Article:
Do you think when it comes to action, sci-fi, and horror films there is still the perception that the main audience for those movies is male?
That’s 100 percent wrong. Just wrong. There is this feeling somehow, almost like little girls should prefer dolls and little boys should prefer trucks. But the truth is that we’re reinforcing these expectations, these perceptions. Back when I was growing up, if you were a little girl, if was very unlikely that your parents would buy you a toy truck to play with. You were exposed to particular things because there was an expectation that that was what you would like. And that that’s what you should be playing with.
But even when The Terminator came out, so that’s 1984, 40 percent of the audience were women. The other thing that’s interesting is that in the movie-going choice between a couple, a male-female couple, is driven by the female in the relationship. So the fact that that movies like The Terminator and Aliens became date night movies reflects a woman’s choices as opposed to necessarily a man’s choice.
The other thing that’s even more fascinating is that the slasher genre is driven by young girls more than young boys. I think part of that is, you know, the adrenaline that you get going to see those movies. But traditionally there’s a final girl. There is the female character who somehow survives to the very end. I don’t think people have often taken that into account that it is actually an empowering story for women, that they are the ones who ultimately survive this traumatic experience.
Jamie Lee Curtis in Halloween is another of those iconic female figures of empowerment.
And by the way, and let’s not forget Deborah Hill, who co-wrote [Halloween], who produced those films and who was a mentor of mine, a close friend of mine, who sadly passed away. I wish I could see the movies that she would be producing now.
Do you think this has been a transformation, a change in the mindset of the still mainly male executives who make decisions at the studios when it comes to greenlighting these sorts of movies and whether to let a female director do them?
I think because it’s a business, the future choices are based on past performance. Every time a woman-directed film succeeds, that opens the door a little wider for other women to direct, especially when it comes to these big tentpole films. I think, going back a few years, that Mimi Leder [The Peacemaker, Deep Impact] and then obviously Patty Jenkins [Wonder Woman] have had a huge impact on that because their films were successful. They weren’t over schedule, over budget, or any of those things that people feared would happen. Yet we’re still in a situation now where, if a particular woman filmmaker somehow fails, that sets all women back, which is not the case with men.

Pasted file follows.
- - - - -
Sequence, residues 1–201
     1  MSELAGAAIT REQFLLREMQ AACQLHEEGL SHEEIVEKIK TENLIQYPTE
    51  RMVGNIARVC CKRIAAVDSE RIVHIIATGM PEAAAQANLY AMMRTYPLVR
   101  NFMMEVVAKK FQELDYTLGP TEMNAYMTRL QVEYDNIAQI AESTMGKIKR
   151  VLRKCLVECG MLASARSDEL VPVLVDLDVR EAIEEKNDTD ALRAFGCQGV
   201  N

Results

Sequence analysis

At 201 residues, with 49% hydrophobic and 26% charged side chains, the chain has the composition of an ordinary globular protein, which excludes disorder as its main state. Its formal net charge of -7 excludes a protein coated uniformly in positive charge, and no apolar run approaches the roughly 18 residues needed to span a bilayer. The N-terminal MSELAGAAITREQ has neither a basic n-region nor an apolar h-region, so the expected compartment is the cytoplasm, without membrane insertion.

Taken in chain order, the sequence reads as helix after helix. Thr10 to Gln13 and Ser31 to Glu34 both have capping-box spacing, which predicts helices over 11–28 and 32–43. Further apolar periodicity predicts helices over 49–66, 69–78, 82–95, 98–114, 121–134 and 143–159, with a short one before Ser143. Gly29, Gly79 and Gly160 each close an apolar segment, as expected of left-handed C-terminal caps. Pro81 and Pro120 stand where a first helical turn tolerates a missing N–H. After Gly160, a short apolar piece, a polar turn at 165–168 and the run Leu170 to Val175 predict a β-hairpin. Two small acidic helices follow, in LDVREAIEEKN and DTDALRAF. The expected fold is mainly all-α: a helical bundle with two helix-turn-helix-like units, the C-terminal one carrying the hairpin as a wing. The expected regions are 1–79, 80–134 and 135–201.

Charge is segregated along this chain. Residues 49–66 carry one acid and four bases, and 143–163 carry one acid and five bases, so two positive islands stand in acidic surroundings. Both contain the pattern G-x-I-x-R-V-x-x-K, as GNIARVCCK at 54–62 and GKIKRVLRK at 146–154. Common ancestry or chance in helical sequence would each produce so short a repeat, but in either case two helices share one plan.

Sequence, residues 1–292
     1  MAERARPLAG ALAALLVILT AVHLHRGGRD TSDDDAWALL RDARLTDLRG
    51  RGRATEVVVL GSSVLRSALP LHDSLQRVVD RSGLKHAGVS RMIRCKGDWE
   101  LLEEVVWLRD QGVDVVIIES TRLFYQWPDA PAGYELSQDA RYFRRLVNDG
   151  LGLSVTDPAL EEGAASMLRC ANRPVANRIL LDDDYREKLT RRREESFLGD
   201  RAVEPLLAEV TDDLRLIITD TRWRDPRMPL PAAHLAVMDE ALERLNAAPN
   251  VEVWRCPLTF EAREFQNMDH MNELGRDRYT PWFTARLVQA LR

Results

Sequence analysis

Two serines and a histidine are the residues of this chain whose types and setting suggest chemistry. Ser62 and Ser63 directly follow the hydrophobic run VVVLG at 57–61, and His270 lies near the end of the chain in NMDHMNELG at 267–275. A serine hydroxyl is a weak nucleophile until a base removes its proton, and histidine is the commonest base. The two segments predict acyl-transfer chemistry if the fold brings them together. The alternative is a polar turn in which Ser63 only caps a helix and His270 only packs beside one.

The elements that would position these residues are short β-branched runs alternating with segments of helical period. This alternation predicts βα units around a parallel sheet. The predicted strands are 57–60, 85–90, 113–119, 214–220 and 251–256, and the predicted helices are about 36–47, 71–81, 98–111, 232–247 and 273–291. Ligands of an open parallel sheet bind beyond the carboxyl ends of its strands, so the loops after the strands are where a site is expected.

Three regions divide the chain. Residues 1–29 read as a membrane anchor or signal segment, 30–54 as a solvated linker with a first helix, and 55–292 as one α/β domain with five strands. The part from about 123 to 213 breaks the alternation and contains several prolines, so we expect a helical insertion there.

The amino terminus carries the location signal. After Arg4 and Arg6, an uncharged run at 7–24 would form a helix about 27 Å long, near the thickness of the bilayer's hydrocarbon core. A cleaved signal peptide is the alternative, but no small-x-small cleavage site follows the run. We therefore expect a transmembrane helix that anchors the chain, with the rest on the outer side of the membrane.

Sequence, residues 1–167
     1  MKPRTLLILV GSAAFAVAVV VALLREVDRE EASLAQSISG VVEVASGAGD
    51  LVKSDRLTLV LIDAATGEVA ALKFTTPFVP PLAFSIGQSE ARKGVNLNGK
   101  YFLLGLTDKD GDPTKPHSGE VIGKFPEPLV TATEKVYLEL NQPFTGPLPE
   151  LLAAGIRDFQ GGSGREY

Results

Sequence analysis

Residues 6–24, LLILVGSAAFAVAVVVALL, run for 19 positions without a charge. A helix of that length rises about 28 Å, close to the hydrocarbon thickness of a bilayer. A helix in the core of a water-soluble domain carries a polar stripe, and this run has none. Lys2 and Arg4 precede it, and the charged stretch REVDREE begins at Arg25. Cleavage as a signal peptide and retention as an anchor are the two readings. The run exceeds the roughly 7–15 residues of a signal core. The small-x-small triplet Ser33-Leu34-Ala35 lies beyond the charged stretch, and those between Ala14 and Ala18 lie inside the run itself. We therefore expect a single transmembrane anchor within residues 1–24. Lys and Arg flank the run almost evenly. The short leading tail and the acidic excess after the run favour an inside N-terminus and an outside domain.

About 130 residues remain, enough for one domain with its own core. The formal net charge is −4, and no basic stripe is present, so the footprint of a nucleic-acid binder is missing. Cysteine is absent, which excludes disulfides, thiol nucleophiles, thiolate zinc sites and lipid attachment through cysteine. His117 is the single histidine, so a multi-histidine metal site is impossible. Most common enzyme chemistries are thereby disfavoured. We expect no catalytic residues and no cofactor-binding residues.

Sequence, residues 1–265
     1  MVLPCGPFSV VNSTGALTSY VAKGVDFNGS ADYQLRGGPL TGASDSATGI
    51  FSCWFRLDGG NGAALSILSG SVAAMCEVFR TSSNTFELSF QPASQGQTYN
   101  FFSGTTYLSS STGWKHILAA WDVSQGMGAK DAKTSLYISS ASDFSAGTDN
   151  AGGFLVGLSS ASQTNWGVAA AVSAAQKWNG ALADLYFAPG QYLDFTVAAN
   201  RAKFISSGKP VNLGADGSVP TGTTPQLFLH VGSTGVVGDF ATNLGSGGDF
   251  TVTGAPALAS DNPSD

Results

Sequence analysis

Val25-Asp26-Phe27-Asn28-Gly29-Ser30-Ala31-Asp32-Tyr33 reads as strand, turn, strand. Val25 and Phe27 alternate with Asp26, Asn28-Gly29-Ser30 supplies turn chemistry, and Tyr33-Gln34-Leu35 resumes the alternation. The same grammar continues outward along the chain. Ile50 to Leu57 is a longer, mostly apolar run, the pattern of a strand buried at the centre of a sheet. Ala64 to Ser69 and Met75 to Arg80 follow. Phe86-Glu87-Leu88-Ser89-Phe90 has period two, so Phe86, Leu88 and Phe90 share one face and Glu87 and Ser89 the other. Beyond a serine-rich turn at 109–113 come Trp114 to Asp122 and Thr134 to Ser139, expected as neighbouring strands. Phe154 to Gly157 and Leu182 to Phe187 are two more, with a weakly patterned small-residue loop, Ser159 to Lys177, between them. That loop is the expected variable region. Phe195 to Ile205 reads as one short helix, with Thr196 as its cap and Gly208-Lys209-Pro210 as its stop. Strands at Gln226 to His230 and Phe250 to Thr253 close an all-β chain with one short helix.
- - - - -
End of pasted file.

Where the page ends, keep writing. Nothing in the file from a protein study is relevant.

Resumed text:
In honor of your career, Locarno is showing The Terminator, which is probably your best-known film. But also the 1999 political comedy Dick, which stars Kirsten Dunst and Michelle Williams as two young women who take down the Nixon White House. Was that your choice?
Yes, it was my choice. The award is for my career, and I think people probably don’t realize that I have done films outside of science fiction, fantasy, and horror. And because the award that I’m receiving is one that was bestowed 10 years ago upon one of my mentors, Mike Medavoy. Mike Medavoy not only gave Terminator a green light, but he developed and financed Dick. It really was a tribute to him.
It’s also sadly relevant when we’re dealing with a political atmosphere these days in which you have lies and cover-ups. I think it’s very interesting that Andrew Fleming and Sheryl Longin, who co-wrote the script, approached the Nixon administration as a comedic satire about two young girls and their experiences. If you haven’t seen the film, what it comes down to is that Watergate was not really their big concern. Their big concern was Nixon had a potty mouth and he was mean to his dog. It was sort of emblematic of his character. You know, if politicians are mean to animals or to other people the perception is they’re also capable of being guilty of much worse things.
What’s the next stage of your career? What direction do you want to go in now?
I’ve been making documentaries now for a while there. They aren’t as prominent because they’ve all been about Native Americans were made for PBS. They don’t have a huge marketing budget, I think, except for Ken Burns. If Ken Burns does something, everyone hears about it. But they have been very gratifying to make.
My last one was Mankiller, about Wilma Mankiller, the first woman elected principal chief of the Cherokee Nation. And now, she’s now going to be on U.S. currency. She’s going to be on the quarter. She passed away in 2010, but she’s going to be on the quarter. To me, that is fantastic.
I don’t judge success based on box office. I don’t judge it based on ratings or anything else. If you feel that you have moved the conversation down the line and you’ve been able to shine a light on something people weren’t aware of, that to me is success.